It is this court's firm belief that the interests of justice are best served when all parties to a proceeding are fully informed. It has been this court's experience that many defendants who appear for trial in traffic court feel unprepared for the formality of the proceedings.
The following information was created to help defendants who appear for trial better understand trial procedure. This information is not meant to constitute legal advice. It has been prepared to clear up the most commonly held misconceptions about trial procedure and answer some of the most frequently asked questions.
Judge A. Deane Buchanan
A trial is a proceeding in which the Prosecutor for the City of Cleveland Heights and/or the State of Ohio will try to convince the court that you have committed the traffic violation with which you have been charged. The prosecutor is required to prove your guilt beyond a reasonable doubt.
Trial Day Procedure
On you scheduled trial date arrive one half hour before scheduled time. You must check-in at 1:30 p.m. if you are scheduled for the afternoon docket. If you fail to appear promptly for check-in your case may not be heard that day and you will have to return on another date.
You should check-in with the bailiff in the court room when you first arrive. He will place your case on the list of those that are to proceed that day. For the most part, cases are tried in the order that the litigants appear, except that the court does rearrange its cases to some extent so that the shorter cases are tried first.
Please be prepared to spend several hours at court on the day that you appear. While the court makes every effort to move its docket expeditiously, it has no way to accurately predict the length of each individual trial.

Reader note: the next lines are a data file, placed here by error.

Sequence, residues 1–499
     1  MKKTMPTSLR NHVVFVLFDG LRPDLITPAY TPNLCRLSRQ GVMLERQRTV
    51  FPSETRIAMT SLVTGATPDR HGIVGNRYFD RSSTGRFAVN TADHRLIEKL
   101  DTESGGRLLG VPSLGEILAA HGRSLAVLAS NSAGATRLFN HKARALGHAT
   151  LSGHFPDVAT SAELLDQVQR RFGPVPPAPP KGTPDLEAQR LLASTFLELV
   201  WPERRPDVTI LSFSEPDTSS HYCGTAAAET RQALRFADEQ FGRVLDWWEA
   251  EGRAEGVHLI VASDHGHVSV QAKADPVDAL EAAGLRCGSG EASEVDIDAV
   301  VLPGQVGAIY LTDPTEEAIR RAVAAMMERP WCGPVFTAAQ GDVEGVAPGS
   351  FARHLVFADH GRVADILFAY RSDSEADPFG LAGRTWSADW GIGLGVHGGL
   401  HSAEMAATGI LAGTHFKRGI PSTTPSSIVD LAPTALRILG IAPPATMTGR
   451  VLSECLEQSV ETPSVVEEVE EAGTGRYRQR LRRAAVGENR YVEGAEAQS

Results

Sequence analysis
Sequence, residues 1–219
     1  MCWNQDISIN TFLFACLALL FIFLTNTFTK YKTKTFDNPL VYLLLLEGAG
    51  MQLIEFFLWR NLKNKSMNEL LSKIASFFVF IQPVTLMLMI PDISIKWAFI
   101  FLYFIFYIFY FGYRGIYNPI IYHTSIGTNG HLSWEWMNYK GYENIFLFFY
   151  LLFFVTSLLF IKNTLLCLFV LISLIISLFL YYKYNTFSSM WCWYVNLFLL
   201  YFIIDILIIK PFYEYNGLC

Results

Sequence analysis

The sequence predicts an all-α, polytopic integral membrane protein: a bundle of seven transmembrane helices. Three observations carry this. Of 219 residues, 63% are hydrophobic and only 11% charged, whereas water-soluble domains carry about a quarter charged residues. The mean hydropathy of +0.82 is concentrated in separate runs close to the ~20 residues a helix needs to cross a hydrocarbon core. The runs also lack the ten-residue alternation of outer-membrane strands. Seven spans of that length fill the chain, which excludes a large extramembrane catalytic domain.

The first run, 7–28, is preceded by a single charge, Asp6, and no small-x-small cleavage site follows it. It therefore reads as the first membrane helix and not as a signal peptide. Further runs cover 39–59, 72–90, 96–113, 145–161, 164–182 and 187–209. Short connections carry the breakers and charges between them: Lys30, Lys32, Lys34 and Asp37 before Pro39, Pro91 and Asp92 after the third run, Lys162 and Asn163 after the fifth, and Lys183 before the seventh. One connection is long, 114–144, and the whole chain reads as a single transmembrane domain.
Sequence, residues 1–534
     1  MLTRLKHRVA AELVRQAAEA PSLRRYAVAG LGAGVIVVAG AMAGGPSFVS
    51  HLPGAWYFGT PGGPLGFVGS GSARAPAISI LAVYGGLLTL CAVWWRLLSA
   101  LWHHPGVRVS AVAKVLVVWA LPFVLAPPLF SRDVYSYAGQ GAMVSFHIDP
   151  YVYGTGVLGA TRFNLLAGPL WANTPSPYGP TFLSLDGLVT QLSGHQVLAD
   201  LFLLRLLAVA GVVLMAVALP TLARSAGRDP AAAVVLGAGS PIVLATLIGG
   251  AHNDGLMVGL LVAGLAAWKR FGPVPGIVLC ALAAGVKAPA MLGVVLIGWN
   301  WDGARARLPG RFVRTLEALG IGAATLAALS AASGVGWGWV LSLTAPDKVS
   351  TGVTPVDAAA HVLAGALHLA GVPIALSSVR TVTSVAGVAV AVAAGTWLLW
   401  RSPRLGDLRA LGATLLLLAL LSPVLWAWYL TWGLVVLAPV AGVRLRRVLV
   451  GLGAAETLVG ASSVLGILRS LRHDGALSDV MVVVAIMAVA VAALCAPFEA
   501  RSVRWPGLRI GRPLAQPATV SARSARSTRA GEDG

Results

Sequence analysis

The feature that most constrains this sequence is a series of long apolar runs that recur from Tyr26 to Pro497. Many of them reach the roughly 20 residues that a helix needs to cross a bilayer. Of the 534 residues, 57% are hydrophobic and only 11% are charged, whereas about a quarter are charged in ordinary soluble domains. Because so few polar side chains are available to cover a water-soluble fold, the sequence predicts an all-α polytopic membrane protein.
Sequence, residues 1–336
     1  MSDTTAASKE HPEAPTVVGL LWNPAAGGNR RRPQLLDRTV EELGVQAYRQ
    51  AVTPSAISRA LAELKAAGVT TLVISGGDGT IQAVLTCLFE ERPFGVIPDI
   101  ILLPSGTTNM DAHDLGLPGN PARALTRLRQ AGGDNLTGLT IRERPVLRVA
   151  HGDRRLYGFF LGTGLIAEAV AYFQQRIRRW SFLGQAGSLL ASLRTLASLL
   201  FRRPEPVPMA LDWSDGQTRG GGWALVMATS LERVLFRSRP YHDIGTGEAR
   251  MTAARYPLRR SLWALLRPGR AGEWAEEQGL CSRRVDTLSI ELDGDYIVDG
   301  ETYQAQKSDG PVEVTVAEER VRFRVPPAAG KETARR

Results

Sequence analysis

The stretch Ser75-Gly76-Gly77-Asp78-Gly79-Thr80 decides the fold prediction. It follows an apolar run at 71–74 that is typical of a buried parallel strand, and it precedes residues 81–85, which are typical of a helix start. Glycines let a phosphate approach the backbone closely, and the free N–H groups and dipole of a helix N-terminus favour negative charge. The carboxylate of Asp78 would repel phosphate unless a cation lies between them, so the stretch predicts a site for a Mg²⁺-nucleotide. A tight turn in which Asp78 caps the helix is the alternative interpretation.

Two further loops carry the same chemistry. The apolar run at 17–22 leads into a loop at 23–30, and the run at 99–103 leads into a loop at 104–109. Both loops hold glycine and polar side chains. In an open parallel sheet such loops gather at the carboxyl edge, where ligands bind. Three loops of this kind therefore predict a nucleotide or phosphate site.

Trial Process (Evidence)
Even though traffic trials are somewhat informal, the court must comply with all established trial procedures. There are very specific rules about the kinds of evidence the court may consider and the manner in which the court can receive that evidence. They are contained in the Ohio Rules of Evidence. These rules can be complicated. The following, however, are some very basic parameters which may assist you:
- Generally a person may testify to facts about which she or he has firsthand knowledge. In other words, they can testify about things they actually saw or heard.
- You may, but are not required to, take the stand and testify on your own behalf. If you do so without a lawyer you do not have to ask yourself questions but may testify in narrative form.
- You cannot read from a prepared statement on the stand.
- If you want to use a photograph or other physical evidence (such as a document) you must fully identify the object introduced and tell the court how and when you obtained it. You must supply the court with enough information for it to determine whether that evidence is what it purports to be and if it accurately represents what it claims to depict.
- The court may refuse to hear certain testimony or review certain physical evidence based upon the Rules of Evidence. While the court will generally explain the reason for its refusal it will be impossible for the court to fully apprise you of the sum and substance of the evidentiary rules at trial.
Sequence of Trial
Both the prosecution and the defendant will have an opportunity to present their case to the court. The prosecution presents its case first. Normally, it will call at least one witness. That witness is usually the officer who gave the citation. You will be given an opportunity to ask the prosecution’s witnesses questions once the prosecutor has finished questioning that witness.
After the prosecution rests its case the defendant is given an opportunity to put his or her case on. Normally, the defendant testifies on his or her own behalf. On occasion, defendants have other witnesses as well. Remember, this will be your only opportunity to present your side of the story so you must bring all of the witnesses or other evidence you want to show to the court on the day of trial.
Once you or any of your witnesses have completed their testimony the prosecutor will cross examine that individual. After you have finished presenting your case the court will render a judgment.
See Schedule for Court Costs for all criminal and traffic cases (including charges that can be waived). These costs CANNOT be waived if a person is found guilty, unless the court makes a determination that the person is indigent.
If you go to trail there may be additional costs incurred for subpoenas; witness fees; etc. These fees are in addition to the minimum $95.00 costs.